The Alley in History, Part II

Or the History of Alleys, if you would prefer. It turns out that there are many who have made passing reference to alleys in their urban histories, or urban critiques. But there is, in fact, no definitive history of the alley in North American city making.


Thanks to Linda Just for this alley image.

I have gratefully received suggested readings and sources from many readers, and many colleagues. I have enjoyed such texts as Grady Clay’s wonderful little pamphlet, “Alleys: A Hidden Resource,” from 1975. Mr. Clay makes a number of wonderful suggestions about the redesign of a handful of Louisville’s alleys, which, alas, were never implemented.

louisville alley brook and oak 02

Mr. Clay’s Louisville alley, behind Brook and Oak, sadly unimproved.

I have re-read old favorites, such as Witold Rybczynski’s “City Life,” from 1995. I have pored over “Civic Art” and “The New Civic Art.” I have thumbed through my well worn John Reps volumes about the making of urban America. It has been a most enjoyable search through old and new volumes.

And I am recalling the work we did in Washington DC to re-curate an exhibition, now gone, at the National Building Museum entitled “Washington Symbol and City.” We looked in great detail at alleys in that city: DC’s alleys are a central element of the city’s narratives of race, poverty, and segregation.


Blagden Alley, Washington, DC, 1923.

So alleys are rich places, filled with all kinds of stories about who we were, how we dealt with one another, what we cared about, and where we are headed. Today, in a handful of American and Canadian cities, alleys are being reevaluated, redesigned, revalued, and conserved as the substantial urban assets that they are.


From the Portland Alley Project, a design guide.

My brother, Doug Decker, has written wonderfully about alleys in his neighborhood in NE Portland, Oregon. You can find his work here:


Concordia alley, portland

An alley in Portland. Thanks, Doug.

Graduate students, this is it!! A thesis that could easily place you high in the urban history firmament! An overview of alley facts and alley history as a foundation from which to begin might include:

  • Probably you begin with William Penn’s plan for Philadelphia in 1682. (Oh, and note: there is almost no worthwhile alley material to be found outside North America. You should look, but I think you will not find much at all). Anyway, in Philly the alleys were not for service, which is the use that most comes to mind when the word alley arises. Instead, as a prelude to places like Washington DC much later, the alleys were for the poor. Perhaps this was the beginning of the clich├ęd impression that alleys were scary, often dirty and filthy places, where smart citizens were wary of entry.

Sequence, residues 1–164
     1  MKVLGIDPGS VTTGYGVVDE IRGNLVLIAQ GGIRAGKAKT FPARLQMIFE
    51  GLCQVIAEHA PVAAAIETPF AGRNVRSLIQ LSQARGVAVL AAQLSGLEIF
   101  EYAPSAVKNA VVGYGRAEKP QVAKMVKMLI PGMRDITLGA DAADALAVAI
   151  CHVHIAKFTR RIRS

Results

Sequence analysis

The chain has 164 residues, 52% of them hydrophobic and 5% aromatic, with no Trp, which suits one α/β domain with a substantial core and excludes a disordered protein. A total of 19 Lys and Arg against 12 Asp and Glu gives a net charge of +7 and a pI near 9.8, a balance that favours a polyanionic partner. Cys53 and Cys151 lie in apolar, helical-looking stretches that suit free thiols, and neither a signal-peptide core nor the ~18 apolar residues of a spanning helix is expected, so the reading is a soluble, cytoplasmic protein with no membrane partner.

• Next you might want to head to James Oglethorpe’s plan of Savannah, Georgia, from 1733. Here, the alley was in fact used to service the “big house.”
  • Rybczynski suggests moving next to Ebenezer Zane’s plan for Zanesville, Ohio, of 1799.
  • After Zanesville alleys show up in short order in places like Columbus, Ohio, Detroit, and in 1830, Chicago.

Panama Street, Philadelphia

Panama Street, Philadelphia.


An alley in Savannah.

Zanesville alley

An alley in Zanesville, Ohio.

Chicago Hunter Alley 1901

Hunter Alley, Chicago, 1901.

After that, who knows. Alleys faded from the urban design repertoire by 1920 or so. You can tell us why.

And then you can tell us what happens next. Some of us have found all kinds of interesting developments underway. But what should we do, for example, in a place like Rochester New York, with its endless 1,500 foot long blocks with no alleys?

My hearty thanks to all those who offered suggestions about sources. Onward!



My brother Doug and I got into a discussion of blocks and alleys and urbanism on this Thanksgiving Day. He writes quite wonderfully about his neighborhood in Portland, Oregon: Alameda. You can find his work here: www.alamedahistory.org.

He said: “‘I am also working on something about alleys here in northeast Portland. The earlier neighborhoods (before 1911) have alleys. South of Prescott, we don’t have any. What changed, I wonder, to move away from alleys? Was this a national movement that coincided with the car? Hmm. Insights?”

Well, of course he is exactly correct. As the incidence of car ownership rose – and it did so really fast – the alley disappeared, developers platted lots back-to-back, and the American city block became just a bit poorer for the change. Here in Rochester we had 4,000 cars in about 1912, and 40,000 cars less than 10 years later. Simultaneously as the 19 teens unfolded, we had 250′ deep blocks, some of which ran/run on for over 1,500′ as the nascent city took shape.. A real urban mess.

Why a mess? Well long thin blocks means less access, of course less walkability and permeability, eventually less security, and certainly a crimp in urban mobility, whatever your means of locomotion.